February Policing Round-Up – Part One: Court and Policy updates

19 Mar

Domestic Extremism

A Judicial Review was brought by John Catt on February 9th to challenge the lawfulness his entry onto a ‘domestic extremism database’. , The veteran peace activist, who has no criminal convictions, and is often seen sketching on protests has 66 entries on a secretive database run by the National Domestic Extremism Unit(NDEU). The NDEU now operates as part of the Metropolitan Police’s counter terrorism command.
The majority of the entries concern his association with protests against the EDO factory in Brighton, which manufactures arms components, although an estimated 15% of the entries relate to other protests both in Brighton and around the UK.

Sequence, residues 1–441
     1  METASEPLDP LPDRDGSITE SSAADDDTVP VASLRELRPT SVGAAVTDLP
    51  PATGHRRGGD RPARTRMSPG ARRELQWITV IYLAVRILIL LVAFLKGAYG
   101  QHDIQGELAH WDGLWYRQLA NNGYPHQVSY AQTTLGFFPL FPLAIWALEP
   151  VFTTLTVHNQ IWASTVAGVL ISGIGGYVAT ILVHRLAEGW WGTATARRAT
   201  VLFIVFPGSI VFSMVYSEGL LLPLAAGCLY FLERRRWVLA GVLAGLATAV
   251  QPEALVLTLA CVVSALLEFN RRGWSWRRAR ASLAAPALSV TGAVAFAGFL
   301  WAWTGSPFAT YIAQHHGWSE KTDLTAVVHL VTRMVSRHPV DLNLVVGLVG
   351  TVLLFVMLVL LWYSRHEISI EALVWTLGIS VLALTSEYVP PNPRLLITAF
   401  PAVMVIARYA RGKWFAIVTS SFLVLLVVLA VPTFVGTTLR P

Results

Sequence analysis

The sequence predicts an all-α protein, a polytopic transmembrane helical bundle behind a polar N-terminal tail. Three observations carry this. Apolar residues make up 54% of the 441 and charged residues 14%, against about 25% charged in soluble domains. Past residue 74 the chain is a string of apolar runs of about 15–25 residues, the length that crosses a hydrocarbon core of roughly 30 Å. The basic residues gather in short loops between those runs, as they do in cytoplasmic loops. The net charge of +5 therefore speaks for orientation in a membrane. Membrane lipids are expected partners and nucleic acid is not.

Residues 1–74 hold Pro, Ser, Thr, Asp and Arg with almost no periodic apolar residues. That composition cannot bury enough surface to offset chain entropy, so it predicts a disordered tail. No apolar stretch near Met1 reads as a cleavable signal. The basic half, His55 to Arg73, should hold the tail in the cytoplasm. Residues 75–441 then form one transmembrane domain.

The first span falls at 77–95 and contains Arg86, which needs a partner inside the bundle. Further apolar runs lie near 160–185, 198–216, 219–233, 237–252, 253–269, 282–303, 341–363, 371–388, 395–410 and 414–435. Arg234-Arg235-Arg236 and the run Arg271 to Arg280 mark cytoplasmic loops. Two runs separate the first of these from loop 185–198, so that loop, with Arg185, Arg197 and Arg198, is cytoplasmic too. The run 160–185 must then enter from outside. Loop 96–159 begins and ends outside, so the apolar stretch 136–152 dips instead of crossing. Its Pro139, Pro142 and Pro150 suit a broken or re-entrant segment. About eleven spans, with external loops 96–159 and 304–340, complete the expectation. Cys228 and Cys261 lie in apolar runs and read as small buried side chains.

The police also admitted to having retained, but recently deleted, John Catt’s photograph. Yet they continued to maintain justification for the retention of personal information about Mr Catt, including his appearance, his movements and details of his car.

HMIC recently criticised the units handling and retention of data in their report on undercover policing, finding, “the rationale for recording and retaining the intelligence was not strong enough”. This was dismissed by the Met in court as ‘not applicable’ to the current case.

Judgement is still awaited.

Facebook riot cases

Another man has been cleared of encouraging rioting or looting via Facebook during the August’s riots. A jury took just 90 minutes to agree that Christopher Milligan’s post did not amount to ‘intentionally encouraging or assisting rioting’.

Milligan is the fourth man to have been acquitted by a jury for writing on Facebook. His fate differs markedly from that of Jordan Blackshaw and Perry Sutcliffe-Keenan, who were jailed last year for making very similar comments. Both men had pleaded guilty to encouraging crime in their home towns, although there were no outbreaks of disorder in either location.